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Does the industry need mascots to refine its message?

Damian Christie considers the potential role of mascots in the quarrying industry.

Television viewing is a rarity when raising a young family. It’s not simply that you don’t watch TV, your children insist on watching their own programs. My two-year old daughter’s TV viewing has been a mixture of Peppa Pig, Play School and Fireman Sam.

Fireman Sam is an interesting choice on my daughter’s part – the protagonists are mostly male but there is a cast of children who regularly get into spots of bother and need to be rescued. My wife and I suspect our daughter identifies with these characters most, and ‘enjoys’ the anxiety of the kids getting caught in difficult situations.

Her viewing habits have stimulated my thinking. Children’s characters and mascots are good media tools for communication and education, especially around safety issues, environmental and situational awareness and responsible behaviours. Should the Australian quarrying industry invest in its own characters to educate the broader public about the sector’s work, contribution and value?

As part of its community outreach, the US Aggregates Manager (AggMan) magazine has for nearly two decades educated kids about the importance of aggregates through Cubee the AggMan. AggMan has developed resources for primary school aged children that teach them about Cubee’s contribution to homes, schools, offices, roads and other buildings in local communities and across society, as well as basic earth science information.

Perhaps the Australian quarrying industry could benefit from a similar mascot – albeit someone more ‘human’. In fact, given the growing interest and involvement of women in quarrying, it would be prudent to develop relatable male and female characters with back stories, profiles and roles within the extractive environment that make them a credible fit for the industry. They could be important storytelling tools, not only for kids and teenagers but broader community campaigns for greenfield applications and brownfield expansions. The characters and resources could be developed between institutions like the IQA, Cement Concrete Aggregates Australia, and quarrying and aggregate companies. As part of membership/subscription dues, they would be available for quarries to utilise in their community relations initiatives. In addition, the quarrying industry would be showing stakeholders that the industry is as much about people as it is about heavy machinery and rocks, and that it makes meaningful, sustainable contributions to society.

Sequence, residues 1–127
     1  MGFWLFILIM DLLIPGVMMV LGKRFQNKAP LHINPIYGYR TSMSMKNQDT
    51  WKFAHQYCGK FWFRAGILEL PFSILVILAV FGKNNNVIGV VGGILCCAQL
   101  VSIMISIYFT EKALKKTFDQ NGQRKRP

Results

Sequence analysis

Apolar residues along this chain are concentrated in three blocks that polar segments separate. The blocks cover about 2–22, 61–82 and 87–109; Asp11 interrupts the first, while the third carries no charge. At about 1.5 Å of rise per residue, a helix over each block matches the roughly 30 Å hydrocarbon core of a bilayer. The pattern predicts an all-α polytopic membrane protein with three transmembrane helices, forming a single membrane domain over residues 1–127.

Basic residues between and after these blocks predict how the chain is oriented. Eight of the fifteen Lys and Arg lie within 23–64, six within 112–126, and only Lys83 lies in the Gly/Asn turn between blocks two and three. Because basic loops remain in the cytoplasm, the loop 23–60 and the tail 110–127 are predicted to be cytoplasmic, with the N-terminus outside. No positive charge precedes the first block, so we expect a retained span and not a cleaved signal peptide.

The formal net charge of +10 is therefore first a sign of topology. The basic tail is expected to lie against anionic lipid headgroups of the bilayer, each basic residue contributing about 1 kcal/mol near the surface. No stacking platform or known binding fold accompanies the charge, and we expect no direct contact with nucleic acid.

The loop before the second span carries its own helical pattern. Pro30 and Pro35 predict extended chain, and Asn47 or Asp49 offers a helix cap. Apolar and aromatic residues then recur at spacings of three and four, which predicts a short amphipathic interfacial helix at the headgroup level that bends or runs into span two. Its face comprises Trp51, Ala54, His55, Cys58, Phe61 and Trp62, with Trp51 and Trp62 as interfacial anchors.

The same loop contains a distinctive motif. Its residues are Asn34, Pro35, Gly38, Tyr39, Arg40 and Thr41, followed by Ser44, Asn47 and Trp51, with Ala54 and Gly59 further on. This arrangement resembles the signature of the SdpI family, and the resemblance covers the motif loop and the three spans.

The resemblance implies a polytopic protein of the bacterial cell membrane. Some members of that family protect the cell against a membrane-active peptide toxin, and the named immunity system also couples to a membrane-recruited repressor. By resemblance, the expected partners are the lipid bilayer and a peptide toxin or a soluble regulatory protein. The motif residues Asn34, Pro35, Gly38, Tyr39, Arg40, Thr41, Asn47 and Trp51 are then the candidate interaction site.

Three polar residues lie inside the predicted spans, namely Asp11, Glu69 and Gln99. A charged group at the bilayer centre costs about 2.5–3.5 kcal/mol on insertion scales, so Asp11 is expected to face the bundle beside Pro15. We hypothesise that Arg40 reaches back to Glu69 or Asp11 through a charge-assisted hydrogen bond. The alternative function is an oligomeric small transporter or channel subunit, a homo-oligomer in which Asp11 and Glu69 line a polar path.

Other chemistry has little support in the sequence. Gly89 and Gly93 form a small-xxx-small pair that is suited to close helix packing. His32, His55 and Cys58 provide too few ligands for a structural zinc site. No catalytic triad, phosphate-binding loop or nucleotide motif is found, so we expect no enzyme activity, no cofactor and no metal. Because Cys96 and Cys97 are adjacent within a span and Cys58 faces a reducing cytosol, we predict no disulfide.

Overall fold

The local industry currently gets a ‘bad rap’ in the mainstream media and on social media. You only have to look at the very ‘black and white’ coverage in the last six years of Boral’s unsuccessful bid for a new quarry site on the Gold Coast. It underlines the struggle the extractive industry has to communicate to the broader public the importance of quarry products. And if the industry can’t impart that intent, then its environmental projects and safety initiatives have zero chance of positive coverage. While some quarry operations engage in community relations programs, they are often doing it solo. Perhaps it’s time that the industry pools resources and takes a more innovative, proactive and cohesive approach to its communication skills and channels.

So what do you think? Would the industry benefit from mascots and a more unified campaign approach to advance its cause? Could these in turn encourage girls and boys to consider quarrying as a viable career choice?

Perhaps the quarrying equivalent of Fireman Sam isn’t as whimsical as it seems!










ABOUT THE AUTHOR
Damian Christie
Editor • Quarry Magazine

Damian Christie is the editor and a chief writer of Quarry magazine. To contact Damian, please click here.
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Monday, 16 September, 2019 8:30am
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